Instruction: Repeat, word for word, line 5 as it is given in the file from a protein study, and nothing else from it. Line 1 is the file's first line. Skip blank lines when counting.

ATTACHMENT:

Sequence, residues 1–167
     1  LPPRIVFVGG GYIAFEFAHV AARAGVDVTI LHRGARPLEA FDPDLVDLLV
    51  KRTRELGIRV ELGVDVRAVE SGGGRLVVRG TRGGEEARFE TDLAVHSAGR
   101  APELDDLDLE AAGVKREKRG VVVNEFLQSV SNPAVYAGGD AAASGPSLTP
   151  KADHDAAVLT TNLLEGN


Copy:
   151  KADHDAAVLT TNLLEGN